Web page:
EU's Oettinger says German power needs price cap
FRANKFURT Aug 14 (Reuters) - Germany's electricity prices risk becoming a burden for consumers as overly generous renewable power subsidies are passed on, European Energy Commissioner Guenther Oettinger said in a German newspaper on Tuesday, demanding a price cap.
"When the new price for renewable subsidies (for 2013) becomes known in the autumn, we will have to talk about a limit," Oettinger told mass circulation Bild in an interview.
"Otherwise, the costs for (retail) customers and industry will run out of control," he said. "The expansion of solar and wind power must be linked to the corresponding expansion of transmission networks and storage plants."
Germany has the second highest power prices in Europe, mainly due to its high taxes and fees which include paying above-market rates for green power via so-called feed-in tariffs.
Transmission firms are due in October to present estimates for the 2013 surcharge to be added on for the funding of renewables.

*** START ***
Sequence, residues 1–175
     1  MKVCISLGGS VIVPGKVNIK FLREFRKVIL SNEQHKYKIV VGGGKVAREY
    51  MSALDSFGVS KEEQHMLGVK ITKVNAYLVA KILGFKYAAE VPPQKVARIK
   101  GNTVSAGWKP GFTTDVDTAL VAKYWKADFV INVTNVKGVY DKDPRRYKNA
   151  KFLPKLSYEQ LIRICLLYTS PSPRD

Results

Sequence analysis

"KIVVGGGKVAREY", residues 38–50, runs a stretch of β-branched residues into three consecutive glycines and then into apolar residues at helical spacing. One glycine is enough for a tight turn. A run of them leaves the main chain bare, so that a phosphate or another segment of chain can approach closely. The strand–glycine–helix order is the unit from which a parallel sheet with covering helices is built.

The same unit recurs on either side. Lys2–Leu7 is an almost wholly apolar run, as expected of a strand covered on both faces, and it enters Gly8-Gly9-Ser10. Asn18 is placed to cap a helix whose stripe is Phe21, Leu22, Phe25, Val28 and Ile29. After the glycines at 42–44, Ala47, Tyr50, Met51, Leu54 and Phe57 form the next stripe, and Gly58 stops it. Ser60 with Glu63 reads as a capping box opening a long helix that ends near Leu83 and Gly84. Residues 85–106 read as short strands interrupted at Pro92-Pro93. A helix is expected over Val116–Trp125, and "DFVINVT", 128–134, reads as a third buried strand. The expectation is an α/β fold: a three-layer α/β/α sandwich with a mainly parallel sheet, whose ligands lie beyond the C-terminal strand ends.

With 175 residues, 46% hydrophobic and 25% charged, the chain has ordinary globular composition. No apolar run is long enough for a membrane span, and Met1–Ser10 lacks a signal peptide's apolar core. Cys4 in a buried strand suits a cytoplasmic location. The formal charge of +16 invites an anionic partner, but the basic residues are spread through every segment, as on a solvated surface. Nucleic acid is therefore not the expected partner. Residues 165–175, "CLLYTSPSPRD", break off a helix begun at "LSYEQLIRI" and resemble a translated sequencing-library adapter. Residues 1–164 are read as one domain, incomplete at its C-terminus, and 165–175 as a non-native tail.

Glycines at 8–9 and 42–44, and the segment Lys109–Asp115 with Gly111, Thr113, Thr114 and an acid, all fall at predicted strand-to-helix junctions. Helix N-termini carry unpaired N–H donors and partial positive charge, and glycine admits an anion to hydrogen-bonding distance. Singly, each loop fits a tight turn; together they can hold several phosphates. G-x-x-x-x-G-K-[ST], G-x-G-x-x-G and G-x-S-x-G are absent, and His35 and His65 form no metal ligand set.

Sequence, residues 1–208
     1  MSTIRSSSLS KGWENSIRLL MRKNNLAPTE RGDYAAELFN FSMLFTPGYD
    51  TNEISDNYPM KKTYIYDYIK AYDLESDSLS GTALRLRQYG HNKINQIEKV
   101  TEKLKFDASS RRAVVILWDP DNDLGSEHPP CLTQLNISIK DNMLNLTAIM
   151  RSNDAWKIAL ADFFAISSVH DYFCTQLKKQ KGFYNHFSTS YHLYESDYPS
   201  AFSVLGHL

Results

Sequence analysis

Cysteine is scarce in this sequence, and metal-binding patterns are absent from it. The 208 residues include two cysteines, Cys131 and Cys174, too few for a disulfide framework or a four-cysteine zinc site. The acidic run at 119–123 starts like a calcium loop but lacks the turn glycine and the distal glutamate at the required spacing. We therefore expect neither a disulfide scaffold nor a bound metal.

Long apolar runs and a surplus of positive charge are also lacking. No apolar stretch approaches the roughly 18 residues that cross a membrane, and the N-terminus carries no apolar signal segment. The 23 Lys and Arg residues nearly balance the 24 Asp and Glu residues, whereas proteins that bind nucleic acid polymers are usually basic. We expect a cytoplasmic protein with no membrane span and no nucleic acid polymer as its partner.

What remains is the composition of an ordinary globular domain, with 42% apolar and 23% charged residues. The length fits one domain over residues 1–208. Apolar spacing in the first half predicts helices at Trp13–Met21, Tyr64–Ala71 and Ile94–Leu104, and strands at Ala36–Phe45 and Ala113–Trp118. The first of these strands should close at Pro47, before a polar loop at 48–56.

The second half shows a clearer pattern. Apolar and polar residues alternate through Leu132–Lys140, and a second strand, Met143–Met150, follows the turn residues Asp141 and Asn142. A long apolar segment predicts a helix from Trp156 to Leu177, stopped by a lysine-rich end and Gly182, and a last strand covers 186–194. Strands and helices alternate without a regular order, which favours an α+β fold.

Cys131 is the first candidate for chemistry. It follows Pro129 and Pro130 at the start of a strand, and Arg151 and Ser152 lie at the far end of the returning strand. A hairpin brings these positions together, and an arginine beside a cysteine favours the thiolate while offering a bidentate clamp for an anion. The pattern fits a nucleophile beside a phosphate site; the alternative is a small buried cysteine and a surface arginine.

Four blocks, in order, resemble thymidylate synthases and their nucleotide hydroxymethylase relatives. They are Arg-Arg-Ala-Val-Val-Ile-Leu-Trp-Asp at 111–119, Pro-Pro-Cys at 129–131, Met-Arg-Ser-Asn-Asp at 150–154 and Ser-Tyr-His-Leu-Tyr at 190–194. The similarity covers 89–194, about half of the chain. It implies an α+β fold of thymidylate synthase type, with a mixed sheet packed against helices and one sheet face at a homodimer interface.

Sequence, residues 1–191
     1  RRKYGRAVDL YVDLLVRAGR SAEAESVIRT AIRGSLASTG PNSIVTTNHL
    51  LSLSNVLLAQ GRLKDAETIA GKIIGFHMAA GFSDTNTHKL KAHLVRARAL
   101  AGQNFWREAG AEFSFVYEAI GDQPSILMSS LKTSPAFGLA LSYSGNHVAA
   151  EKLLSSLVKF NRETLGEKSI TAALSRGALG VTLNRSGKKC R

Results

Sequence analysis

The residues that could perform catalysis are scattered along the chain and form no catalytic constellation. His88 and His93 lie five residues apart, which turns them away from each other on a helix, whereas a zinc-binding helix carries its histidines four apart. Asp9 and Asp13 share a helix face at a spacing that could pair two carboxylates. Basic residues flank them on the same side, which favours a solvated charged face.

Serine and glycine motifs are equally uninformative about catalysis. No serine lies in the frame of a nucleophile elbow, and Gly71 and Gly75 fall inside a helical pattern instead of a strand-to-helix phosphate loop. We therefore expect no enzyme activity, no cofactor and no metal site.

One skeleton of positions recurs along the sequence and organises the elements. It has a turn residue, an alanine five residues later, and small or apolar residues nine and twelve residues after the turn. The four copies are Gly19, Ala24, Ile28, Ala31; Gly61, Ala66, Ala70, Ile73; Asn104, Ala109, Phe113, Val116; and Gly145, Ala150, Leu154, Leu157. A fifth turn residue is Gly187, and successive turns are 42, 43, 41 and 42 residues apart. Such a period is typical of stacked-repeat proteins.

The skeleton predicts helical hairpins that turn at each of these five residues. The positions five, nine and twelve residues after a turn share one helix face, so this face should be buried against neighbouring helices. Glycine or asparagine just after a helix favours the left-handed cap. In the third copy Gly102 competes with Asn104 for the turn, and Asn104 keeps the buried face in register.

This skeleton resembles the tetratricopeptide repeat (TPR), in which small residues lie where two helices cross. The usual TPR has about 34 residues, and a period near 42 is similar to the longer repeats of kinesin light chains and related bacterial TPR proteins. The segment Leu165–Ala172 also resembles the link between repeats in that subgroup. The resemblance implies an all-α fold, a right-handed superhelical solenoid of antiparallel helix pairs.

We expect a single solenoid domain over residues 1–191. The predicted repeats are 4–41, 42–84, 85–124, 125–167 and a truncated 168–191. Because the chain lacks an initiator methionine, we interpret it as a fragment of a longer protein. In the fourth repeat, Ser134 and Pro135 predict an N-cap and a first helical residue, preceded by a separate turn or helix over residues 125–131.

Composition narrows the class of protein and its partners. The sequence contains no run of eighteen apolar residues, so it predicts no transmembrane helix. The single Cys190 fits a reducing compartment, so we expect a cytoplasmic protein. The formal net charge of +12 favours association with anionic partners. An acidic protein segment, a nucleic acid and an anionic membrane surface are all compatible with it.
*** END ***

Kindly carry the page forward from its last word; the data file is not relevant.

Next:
Given record new solar power installations this year, they are likely to rise sharply when the new units start collecting their revenues.
An increase for the likely green power element next year is expected to rise to over 5 cents per kilowatt hour from 3.6 cents applied in 2012, which will put the government under pressure to find ways to mitigate the burden for users.
This is notwithstanding falling prices in the power wholesale market, where levels are down 8 percent from 2012 peaks in February due to weak demand in the euro zone. (Reporting by Vera Eckert; Editing by Jason Neely)
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